Iskandarian writes: "Ordinary people play little part in Armenian politics, except during elections -- but even then the authorities find ways of manipulating the vote. As a result, it becomes virtually impossible for power to shift outside the existing political establishment. This creates tensions which can only be relieved through external pressure on the authorities, in other words from the streets. Those groups which are not part of the system of power, or have been expelled from it, have no incentive to wait for the next round of elections."
On the night of 12-13 April, opposition activists and protesters took to the streets outside the parliament building and were aggressively dispersed by police, injuring dozens.
But Iskandarian says the Armenian opposition is also disjointed, and its various factions seem only to agree that the current regime must go. He says both the opposition and the government share common weaknesses. Both are "marked by decentralization, incompetence at a strategic level, a tendency to overestimate its own strength and, last but not least, an inability and lack of will to engage in dialogue and compromise."
Meanwhile, he says, "the political system as a whole is losing yet more legitimacy."
For the foreseeable future, Iskandarian says Armenia "faces the prospect of a long stalemate between a weak opposition and weak government, where few people are interested in who emerges as victor."
INSTITUTE FOR ADVANCED STRATEGIC AND POLITICAL STUDIES:
Senior fellow Vladimir Socor of the Institute for Advanced Strategic and Political Studies says two competing visions are vying for influence in the South Caucasus. One vision sees the region as eventually integrating into the Euro-Atlantic security apparatus and European economic systems. This move "would ensure the sovereignty and modernization of the region's countries," and "is closely linked with internal evolution toward better institutional performance, constitutional government and rule of law."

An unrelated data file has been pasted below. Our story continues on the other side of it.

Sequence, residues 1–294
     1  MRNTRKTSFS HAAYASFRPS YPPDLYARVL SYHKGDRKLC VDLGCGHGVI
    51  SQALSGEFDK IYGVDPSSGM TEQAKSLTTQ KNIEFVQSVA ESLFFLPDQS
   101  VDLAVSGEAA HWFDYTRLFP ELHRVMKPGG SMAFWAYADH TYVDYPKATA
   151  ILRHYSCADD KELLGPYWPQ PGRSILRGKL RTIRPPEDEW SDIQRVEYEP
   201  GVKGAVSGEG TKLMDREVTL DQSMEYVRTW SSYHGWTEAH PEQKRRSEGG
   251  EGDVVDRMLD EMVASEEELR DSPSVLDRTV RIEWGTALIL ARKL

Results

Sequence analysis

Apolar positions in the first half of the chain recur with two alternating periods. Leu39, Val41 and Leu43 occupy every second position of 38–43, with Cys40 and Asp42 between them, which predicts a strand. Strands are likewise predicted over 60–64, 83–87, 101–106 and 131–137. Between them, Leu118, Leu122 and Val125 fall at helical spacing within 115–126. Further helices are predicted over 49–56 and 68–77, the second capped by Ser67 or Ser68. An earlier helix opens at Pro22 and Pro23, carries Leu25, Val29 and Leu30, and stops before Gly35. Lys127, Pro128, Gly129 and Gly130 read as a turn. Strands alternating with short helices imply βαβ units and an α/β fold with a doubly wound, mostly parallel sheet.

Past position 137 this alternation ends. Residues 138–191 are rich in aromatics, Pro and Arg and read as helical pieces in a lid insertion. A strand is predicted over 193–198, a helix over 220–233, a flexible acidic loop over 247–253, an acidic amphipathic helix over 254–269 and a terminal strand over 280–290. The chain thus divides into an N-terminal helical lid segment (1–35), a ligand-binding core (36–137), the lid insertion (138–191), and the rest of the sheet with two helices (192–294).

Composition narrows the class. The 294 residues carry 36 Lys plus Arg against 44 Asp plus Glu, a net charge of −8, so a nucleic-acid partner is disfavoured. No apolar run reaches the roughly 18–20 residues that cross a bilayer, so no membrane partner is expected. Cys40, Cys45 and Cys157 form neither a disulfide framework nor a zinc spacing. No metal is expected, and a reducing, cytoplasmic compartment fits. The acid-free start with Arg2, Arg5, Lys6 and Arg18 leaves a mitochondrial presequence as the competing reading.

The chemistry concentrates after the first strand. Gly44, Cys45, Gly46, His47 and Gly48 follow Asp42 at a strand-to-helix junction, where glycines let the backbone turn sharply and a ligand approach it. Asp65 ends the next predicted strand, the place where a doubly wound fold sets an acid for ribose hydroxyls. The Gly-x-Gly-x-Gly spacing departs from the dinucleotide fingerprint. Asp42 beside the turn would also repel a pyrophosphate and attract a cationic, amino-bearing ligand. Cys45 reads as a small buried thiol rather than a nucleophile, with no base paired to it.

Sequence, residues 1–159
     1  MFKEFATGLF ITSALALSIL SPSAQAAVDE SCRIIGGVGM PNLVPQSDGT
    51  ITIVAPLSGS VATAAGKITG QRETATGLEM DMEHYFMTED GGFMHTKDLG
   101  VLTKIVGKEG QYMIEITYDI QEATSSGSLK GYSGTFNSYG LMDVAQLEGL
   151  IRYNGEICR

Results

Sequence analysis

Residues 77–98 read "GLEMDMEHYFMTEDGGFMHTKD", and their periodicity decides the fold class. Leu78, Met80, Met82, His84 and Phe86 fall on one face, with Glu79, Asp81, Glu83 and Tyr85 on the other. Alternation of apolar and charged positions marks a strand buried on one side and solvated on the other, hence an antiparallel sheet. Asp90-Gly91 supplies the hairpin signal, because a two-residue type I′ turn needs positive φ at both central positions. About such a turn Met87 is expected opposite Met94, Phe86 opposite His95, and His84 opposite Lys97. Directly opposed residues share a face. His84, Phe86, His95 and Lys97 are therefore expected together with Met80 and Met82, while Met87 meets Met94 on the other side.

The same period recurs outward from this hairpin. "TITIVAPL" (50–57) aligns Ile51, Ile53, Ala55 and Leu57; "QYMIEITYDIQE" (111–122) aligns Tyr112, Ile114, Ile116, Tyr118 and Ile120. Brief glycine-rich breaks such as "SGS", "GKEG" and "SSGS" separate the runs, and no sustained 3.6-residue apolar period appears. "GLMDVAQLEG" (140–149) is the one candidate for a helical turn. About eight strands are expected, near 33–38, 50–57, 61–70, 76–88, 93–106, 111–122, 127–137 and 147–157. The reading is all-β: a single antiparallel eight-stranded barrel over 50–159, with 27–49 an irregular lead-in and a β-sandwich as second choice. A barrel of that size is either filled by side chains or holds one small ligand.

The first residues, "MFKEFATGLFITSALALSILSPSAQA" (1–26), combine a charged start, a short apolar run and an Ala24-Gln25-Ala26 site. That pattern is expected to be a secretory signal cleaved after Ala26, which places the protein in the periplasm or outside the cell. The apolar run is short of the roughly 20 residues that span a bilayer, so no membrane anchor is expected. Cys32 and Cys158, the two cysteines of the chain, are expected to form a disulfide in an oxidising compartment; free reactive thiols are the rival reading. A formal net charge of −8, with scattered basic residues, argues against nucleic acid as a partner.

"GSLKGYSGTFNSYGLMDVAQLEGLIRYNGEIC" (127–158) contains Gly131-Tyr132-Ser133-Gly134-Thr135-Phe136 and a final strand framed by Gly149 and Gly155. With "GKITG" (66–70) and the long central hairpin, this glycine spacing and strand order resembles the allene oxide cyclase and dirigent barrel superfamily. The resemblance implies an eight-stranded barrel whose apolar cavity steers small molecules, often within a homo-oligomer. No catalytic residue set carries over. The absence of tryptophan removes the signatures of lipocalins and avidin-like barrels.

"The other model," Socor says, "[is] Russia's." Moscow seeks to re-establish dominance over the South Caucasus through its military presence, by manipulating regional ethnic conflicts and controlling energy supplies, as well as taking over the region's insolvent industries, supporting local pro-Moscow political forces, and fostering the activities of Russia's government-connected shadow businesses in the region.
This policy aims to promote "controlled instability" and thrives on the "insecurity and weakness" of regional states, eventually drawing them "into a Russian-led political, military and economic bloc" over which Moscow would exercise dominant influence.
In contrast, Socor says, the Western vision for regional stabilization in the Caucasus "requires settlement of conflicts on terms that would ensure the independence, security and consolidation of states, democratic decentralization, and full opportunities for regional economic development."
Ultimately, Russia's "integration model" for the Caucasus "aims to isolate the South Caucasus from the West. If successful, it would require the U.S., NATO and EU to deal primarily with Moscow -- rather than with the South Caucasus states themselves -- on key issues of Caspian energy transit to the West and strategic access to operational theaters in Eurasia."